MICHELLE: I love the feeling of being part of something. I worked at my dad’s law office for many summers, answering phones, running errands, and bookkeeping. I learned the importance of sweating the details and building strong relationships. I also spent a summer as a Camp Counselor at a special needs camp. Talk about being inspired! The camaraderie that I experienced there is something I’ll never forget. I’m a firm believer that life is a collection of experiences, and that’s why a winding career path or getting out there and seeing the world in many different ways is an asset.
What’s one unconventional thing you’re doing to keep yourself sane?
MICHELLE: Just as shelter-in-place measures swept the globe, Cloudflare launched Cloudflare TV, a 24×7 live television broadcast with programming entirely curated and driven by employees to connect with the broader community. I produce and host a show called “Yes We Can,” a weekly segment that highlights non-C-Level women in tech, offering a chance to amplify their stories in one-on-one interviews. I’ve had the chance to interview incredible women showing up every day to build technology that impacts millions of people around the world. Past guests have been leaders in data science, marketing, engineering, design, and business development from companies like Shopify, Uber, Twitter, IBM, Patreon, IBM, and Houzz. I look forward to these interviews every week. I hope the segments show how women are making their marks on the tech industry and that their stories propel other women to choose a career in tech.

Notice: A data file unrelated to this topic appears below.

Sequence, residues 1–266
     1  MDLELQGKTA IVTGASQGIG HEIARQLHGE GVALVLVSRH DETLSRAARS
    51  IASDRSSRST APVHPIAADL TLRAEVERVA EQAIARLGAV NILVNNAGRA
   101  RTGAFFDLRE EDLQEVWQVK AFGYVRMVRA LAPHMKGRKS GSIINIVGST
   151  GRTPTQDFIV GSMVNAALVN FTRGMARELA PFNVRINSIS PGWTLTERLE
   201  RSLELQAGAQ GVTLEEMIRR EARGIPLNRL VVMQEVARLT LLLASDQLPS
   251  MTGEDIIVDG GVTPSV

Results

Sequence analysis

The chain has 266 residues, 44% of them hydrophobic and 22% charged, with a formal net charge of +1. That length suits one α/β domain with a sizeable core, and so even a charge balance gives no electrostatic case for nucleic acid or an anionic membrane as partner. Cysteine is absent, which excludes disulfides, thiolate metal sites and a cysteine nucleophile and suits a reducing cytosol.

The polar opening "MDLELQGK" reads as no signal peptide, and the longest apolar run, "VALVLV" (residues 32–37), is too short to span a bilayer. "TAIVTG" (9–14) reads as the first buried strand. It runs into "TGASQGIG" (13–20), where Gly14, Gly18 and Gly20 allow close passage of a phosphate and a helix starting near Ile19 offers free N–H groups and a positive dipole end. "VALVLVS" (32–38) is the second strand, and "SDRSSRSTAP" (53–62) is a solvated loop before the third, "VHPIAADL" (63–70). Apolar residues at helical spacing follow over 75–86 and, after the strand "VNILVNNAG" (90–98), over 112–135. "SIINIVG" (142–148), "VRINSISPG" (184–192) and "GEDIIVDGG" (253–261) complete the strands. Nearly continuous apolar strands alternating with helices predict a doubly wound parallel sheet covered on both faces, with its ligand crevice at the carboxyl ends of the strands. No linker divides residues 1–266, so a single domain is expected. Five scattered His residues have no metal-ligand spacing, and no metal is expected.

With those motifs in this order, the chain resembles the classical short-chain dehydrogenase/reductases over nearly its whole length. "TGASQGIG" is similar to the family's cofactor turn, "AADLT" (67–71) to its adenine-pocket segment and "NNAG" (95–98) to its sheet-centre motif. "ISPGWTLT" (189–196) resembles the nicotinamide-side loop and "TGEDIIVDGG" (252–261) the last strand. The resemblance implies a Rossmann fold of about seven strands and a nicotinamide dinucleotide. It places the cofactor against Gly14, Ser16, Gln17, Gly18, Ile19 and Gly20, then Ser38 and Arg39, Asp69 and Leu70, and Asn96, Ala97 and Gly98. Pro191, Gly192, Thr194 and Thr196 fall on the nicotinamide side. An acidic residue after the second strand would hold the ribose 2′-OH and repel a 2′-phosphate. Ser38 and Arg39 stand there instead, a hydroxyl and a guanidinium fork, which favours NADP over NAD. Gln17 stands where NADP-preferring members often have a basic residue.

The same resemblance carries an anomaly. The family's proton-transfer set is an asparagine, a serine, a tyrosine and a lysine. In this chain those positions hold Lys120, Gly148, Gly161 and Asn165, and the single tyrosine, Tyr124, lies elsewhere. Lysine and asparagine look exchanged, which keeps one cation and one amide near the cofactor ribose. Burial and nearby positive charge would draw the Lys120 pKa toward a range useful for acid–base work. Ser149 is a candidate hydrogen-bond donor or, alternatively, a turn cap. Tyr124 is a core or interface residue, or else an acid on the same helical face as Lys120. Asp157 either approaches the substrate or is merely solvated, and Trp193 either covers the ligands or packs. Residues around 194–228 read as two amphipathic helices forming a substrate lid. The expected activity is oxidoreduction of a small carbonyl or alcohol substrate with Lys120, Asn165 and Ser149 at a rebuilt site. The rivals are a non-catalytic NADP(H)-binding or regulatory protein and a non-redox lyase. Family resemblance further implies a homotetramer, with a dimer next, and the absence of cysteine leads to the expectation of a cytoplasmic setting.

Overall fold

What’s the one condiment you could never live without?
MICHELLE: I’m a proud Canadian, so it would have to be maple syrup.